We Were There
by Eve Bunting, Wendell Minor (Illustrator)


On a winter night long ago, a baby boy was born in a stable with only the animals to witness his arrival. But it wasn’t just the cows and donkeys and soft little lambs who were present. Smaller, less loved creatures were there, too.

Lyrically written by Eve Bunting and luminously illustrated by Wendell Minor, this beautiful book offers a unique and moving perspective on the Christmas story. It reminds us that all God’s creatures, both great and small, celebrated the arrival of the Christ child.


From Publishers Weekly
The creature parade to Bethlehem continues (see The Animals' Christmas Carol, reviewed above) in Bunting's (Smoky Night) somewhat self-conscious poems about the lowliest beings to have witnessed Jesus' birth ("I am Rat./ Colorless/ as darkening dirt"). Minor's (Pumpkin Heads!) shimmering watercolors, lit as if by moon and stars, capture desert vistas and the distinguishing characteristics of Snake, Cockroach, Scorpion, Bat and others who traveled afar to be present, if unnoticed, at the Nativity. Ages 4-8.

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From Capital Parent
In a unique twist on the nativity story, unlovely creatures are driven,
one by one, to a journey of glorious witness across the night desert, in We Were There (ages 3-6). Every dark thing in these starry paintings is set aglow with warm heralding light that sparkles on desert sand or barn beam; and reflects off scale, wart and tough carapace. The spare text announces with simple poetic description the intent of snake, scorpion, bat and spider TO BE THERE. Children love the final unexpected image of these unconventional beings in their quiet corner, patient and unseen, admiring the baby in the manger. It forces little ones to gently re-examine their prejudices and joyously fulfills an important message of inclusion.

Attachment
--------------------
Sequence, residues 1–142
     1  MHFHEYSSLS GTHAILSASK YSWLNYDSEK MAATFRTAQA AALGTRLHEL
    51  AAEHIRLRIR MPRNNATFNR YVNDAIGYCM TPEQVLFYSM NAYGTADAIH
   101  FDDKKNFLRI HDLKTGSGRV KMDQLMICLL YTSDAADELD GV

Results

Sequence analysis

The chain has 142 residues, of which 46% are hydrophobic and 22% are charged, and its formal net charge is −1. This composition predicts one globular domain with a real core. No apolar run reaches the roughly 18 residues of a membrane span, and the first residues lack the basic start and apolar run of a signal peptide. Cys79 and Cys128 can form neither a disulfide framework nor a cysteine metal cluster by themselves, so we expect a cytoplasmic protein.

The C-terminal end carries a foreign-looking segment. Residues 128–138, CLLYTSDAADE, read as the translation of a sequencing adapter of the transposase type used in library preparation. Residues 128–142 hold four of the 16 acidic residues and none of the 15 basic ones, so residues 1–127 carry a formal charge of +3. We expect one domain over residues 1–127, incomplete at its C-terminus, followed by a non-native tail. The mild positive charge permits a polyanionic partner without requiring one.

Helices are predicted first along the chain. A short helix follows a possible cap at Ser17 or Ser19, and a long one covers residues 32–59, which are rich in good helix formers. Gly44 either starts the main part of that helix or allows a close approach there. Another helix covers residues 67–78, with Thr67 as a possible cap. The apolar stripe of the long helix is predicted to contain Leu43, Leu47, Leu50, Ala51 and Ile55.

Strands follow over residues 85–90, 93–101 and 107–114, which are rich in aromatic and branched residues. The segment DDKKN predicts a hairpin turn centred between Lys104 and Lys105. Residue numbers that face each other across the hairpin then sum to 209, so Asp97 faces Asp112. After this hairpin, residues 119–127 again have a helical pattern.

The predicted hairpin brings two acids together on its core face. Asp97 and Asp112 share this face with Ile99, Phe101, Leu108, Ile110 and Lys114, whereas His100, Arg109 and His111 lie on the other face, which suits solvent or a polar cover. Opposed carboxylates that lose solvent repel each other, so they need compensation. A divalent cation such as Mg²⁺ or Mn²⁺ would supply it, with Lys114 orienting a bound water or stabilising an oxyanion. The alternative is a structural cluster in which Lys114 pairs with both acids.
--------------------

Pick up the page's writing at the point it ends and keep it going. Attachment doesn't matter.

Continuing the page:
From The Companion
A unique nativity story from a slightly different perspective. Snake tells how he will slither across the wintry desert to be present at the Christ Child’s birth. Toad promises his presence as does Scorpion, who also vows not to sting. The shiny shelled cockroach proclaims he will attend, along with Bat, Spider and Rat. The donkey, cows and little lambs generously share their home with the expecting couple. They all gaze upon the woman, patiently waiting. In the corner unnoticed, Snake, Toad, Cockroach, Bat, Spider and Rat all share in the sacred moment. Brilliant, full-paged paintings add detail and bring the story to life. The dazzling desert sand complements the sparkling night sky. On this special night, the venomous snake’s tongue, the toad’s warts, the scorpion’s stinger and the cockroach’s shiny shell do not seem repulsive. The bat, the spider and the rat, all creatures who normally shy away from humans, gather in the shadows to witness the blessed birth. A warm holiday that will delight all readers.

From School Library Journal
Nativity stories often mention the ox and lamb as humble visitors to the holy stable where Jesus was born. Here Bunting shares the view of seven other creatures that were also witnesses on that special night. Snake, toad, scorpion, cockroach, bat, spider, and rat all offer a brief poem, always ending with the refrain, “We will be there.” Minor’s gouache-and-watercolor illustrations feature zoomed-in views of each narrator and occasional double-page spreads from one animal’s perspective (snake on a vast expense of sand, rat nestled in the straw). The last line sums up, “No one will know/or care./But we were there.” Libraries with active Christmas collections will want to add this title for its unique perspective. The poetry may inspire youngsters to create verses of their own for other “less loved” creatures.

From Booklist
We know about the large creatures present at Jesus’ birth, but what about small ones, multilegged little nuisances, such as the spider or the cockroach, or even the despised scorpion? What about the snake or the toad? It’s not hard to imagine a rodent among the larger quadrupeds in the stable, but what about a bat? Could it have hung like a tiny folded umbrella in the rafters above the baby? In a narrative, reminiscent of French poet Carmen Bernos de Gasztold’s Prayers from the Ark (1991), Bunting offers an unusual perspective on the Nativity story. The snake slithers its way across the desert, the spider navigates on threads and puffs of wind, the rat squeezes into the stable after an evening of scrabbling for crumbs at the inn. “I will be there” is their melodic refrain. Minor’s realistic artwork captures the unusual menagerie in all its scay, warty, beady-eyed, spindly legged charm. Great for story hour, especially when combined with Norma Farber’s When It Snowed That Night (1993).

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